Natural resources instructors teach natural resources management topics to students in educational institutions or constituents in a community. The topics that they teach may include climate change, wildlife, plants, environmental awareness, and sustainability legislation, among many others.
Similar to other types of educators, the typical duties of a natural resource instructor include preparing lesson plans, delivering lectures, facilitating activities, assessing students, and monitoring student progress. They also prepare teaching materials, produce progress reports, and provide remedial classes when necessary.
If you want to become a natural resource instructor, the two main things you would need are a degree in environmental science or other relevant fields, as well as a teaching license if required in your state. More than that, you may also need to have prior teaching experience or other work experience that is relevant to the job.
When it comes to salary, the average compensation for this role is $53,000 per year, depending on experience level, education, and expertise.
There is more than meets the eye when it comes to being a natural resources instructor. For example, did you know that they make an average of $25.64 an hour? That's $53,321 a year!
Between 2018 and 2028, the career is expected to grow 11% and produce 155,000 job opportunities across the U.S.
There are certain skills that many natural resources instructors have in order to accomplish their responsibilities. By taking a look through resumes, we were able to narrow down the most common skills for a person in this position. We discovered that a lot of resumes listed interpersonal skills, speaking skills and writing skills.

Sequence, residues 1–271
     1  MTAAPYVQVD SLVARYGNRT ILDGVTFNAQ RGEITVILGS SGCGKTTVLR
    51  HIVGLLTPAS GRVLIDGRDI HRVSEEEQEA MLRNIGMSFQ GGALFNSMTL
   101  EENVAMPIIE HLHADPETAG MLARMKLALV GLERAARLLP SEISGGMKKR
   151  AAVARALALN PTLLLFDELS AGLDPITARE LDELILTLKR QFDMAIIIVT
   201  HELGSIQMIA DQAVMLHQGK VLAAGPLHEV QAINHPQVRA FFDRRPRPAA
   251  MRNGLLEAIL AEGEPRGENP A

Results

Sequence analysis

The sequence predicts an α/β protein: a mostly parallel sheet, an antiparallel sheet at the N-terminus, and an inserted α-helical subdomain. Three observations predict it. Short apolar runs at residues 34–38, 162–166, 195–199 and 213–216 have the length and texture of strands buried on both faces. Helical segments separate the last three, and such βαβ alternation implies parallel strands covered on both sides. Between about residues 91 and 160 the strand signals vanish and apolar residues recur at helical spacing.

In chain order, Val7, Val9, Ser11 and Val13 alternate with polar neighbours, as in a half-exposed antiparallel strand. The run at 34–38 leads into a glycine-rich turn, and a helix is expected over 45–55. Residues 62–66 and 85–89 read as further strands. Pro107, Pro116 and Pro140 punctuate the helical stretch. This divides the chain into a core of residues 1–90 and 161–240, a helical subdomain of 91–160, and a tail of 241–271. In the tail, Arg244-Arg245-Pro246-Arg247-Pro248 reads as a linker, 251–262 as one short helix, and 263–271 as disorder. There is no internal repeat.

When it comes to the most important skills required to be a natural resources instructor, we found that a lot of resumes listed 78.7% of natural resources instructors included chemistry, while 18.8% of resumes included natural resources, and 0.5% of resumes included ecology. Hard skills like these are helpful to have when it comes to performing essential job responsibilities.
When it comes to searching for a job, many search for a key term or phrase. Instead, it might be more helpful to search by industry, as you might be missing jobs that you never thought about in industries that you didn't even think offered positions related to the natural resources instructor job title. But what industry to start with? Most natural resources instructors actually find jobs in the non profits and education industries.
If you're interested in becoming a natural resources instructor, one of the first things to consider is how much education you need. We've determined that 57.5% of natural resources instructors have a bachelor's degree. In terms of higher education levels, we found that 11.7% of natural resources instructors have master's degrees. Even though most natural resources instructors have a college degree, it's possible to become one with only a high school degree or GED.
Choosing the right major is always an important step when researching how to become a natural resources instructor. When we researched the most common majors for a natural resources instructor, we found that they most commonly earn bachelor's degree degrees or master's degree degrees. Other degrees that we often see on natural resources instructor resumes include associate degree degrees or high school diploma degrees.
You may find that experience in other jobs will help you become a natural resources instructor. In fact, many natural resources instructor jobs require experience in a role such as internship. Meanwhile, many natural resources instructors also have previous career experience in roles such as volunteer or research assistant.